Should Wedding Planners Accept Commission?

Bernadette Chapman

Today I would like to tackle a topic that is close to the hearts of the UKAWP: directors and members alike. It’s the taboo subject of commission, also known as “kick backs”. We believe that every supplier has the duty to act with integrity and always with the couple’s best interest at heart: doesn’t that sound obvious?  If a couple hires one of our members they can be confident that planner does not, and will not, accept *commission. They can be sure that any supplier recommended to them has been recommended because they are the best supplier for the job.



However, in many other industries like tourism and corporate events, businesses accept and pay commission. We understand this and for some it makes perfect sense. We feel when it is business to business it can be acceptable, for example a travel agent earns their salary by receiving commission from the tour operator, car hire company, hotel etc. If they didn’t earn the commission they’d have to charge the consumer direct a fee for organising their holiday for them.

But we are talking about the consumers. A bride and groom will hire a planner to help them with their wedding planning: this could be ensuring their vision is met 100% and/or to help them spend the money in the right areas, making sure they don’t overspend. We are not talking blue chip companies’ marketing budgets: this money could be the couples hard earned savings or perhaps contributions from family, so it’s imperative it’s handled with due care and attention.

Trust between the client and planner is imperative

So what happens if their planner takes commission? Can the couple truly trust them? Are their recommendations based on suitability for the job or the knowledge that the planner will earn extra money?

It’s not unusual for venues to pay 6-10% of the overall booking to planners. When you consider what a large proportion of the wedding budget goes on the venue and catering, receiving or paying that in commission is rather hefty. Can venues genuinely afford to do this, or will they simply add 6-10% to the final bill so their profit margins remain the same? In this instance the couple will unknowingly be paying 6-10% on top of what they could have been.

So I ask you, does this planner have the couple’s best interests at heart? Does the venue have the client’s best interests at heart? We feel taking commission blurs things: can the couple truly trust any recommendations made to them or will they do some research of their own to ensure the fee they are paying is fair? If the latter is the case the value of having a planner potentially becomes negated or invalidated.

Over the years as a planner, suppliers have often said “of course this is the price to you so you can add whatever you want on top of that fee before recommending us to your client“. When we say ‘I’m sorry we don’t accept commission’ the suppliers are sometimes shocked and at times ask why not.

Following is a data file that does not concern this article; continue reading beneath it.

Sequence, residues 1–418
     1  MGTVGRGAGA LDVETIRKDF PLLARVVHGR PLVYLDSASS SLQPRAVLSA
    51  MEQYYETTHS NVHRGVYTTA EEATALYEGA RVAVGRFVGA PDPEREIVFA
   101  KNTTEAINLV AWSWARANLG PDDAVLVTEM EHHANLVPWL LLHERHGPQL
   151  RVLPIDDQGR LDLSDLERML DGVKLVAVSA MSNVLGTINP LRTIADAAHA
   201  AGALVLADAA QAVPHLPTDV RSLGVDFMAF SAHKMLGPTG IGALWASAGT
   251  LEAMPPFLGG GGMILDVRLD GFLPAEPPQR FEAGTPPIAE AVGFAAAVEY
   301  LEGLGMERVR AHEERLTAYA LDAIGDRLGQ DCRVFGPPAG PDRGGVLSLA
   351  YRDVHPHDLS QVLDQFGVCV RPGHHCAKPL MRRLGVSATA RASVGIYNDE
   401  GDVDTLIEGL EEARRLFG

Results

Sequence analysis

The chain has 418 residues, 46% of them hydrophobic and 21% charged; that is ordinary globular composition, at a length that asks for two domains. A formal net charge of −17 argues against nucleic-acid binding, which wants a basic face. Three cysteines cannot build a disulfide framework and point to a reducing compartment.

Of course from a pure “profit” point of view, not accepting commission seems crazy, in a world where money is sometimes valued more than honesty, why should a planner lower his/her levels of earning?

Would you?

Could you say “no thank you” and “can my clients have a discount instead”?

It takes a strong planner to say NO to commission when it’s offered. It takes a strong planner to put the value of an honest relationship with their bride above profit.

There has been much discussion about commission both here in the UK and abroad: to read further views here are some articles so you make your own mind up, what would/will you do?

Is your fee structure explained to clients?

If you do accept commission, do your clients know? Do you explain that as well as your fee for organising the clients wedding; you will also receive commission from some suppliers. Or is it all done in cloak and dagger? If the clients know and are ok about it, then who are we to say that is wrong?

As Debbie from The Wedding Planners Lounge:   says “If an event planner is taking commissions or kickbacks without their client’s knowledge, it is unethical.”

Or to word it more strongly from Preston Bailey“If you take commissions without your clients knowledge, you are doing something shady and borderline illegal”

What about the suppliers?

And as always Sean Low puts it succinctly when talking about commissions and kickbacks 

“Should you be grateful for a referral?  Of course.  But show your gratitude by going above and beyond for both your client and the vendor.  Overpromise and overdeliver.  In the medium and long run, the value generated by your actions will far outweigh any commission you might have to pay.”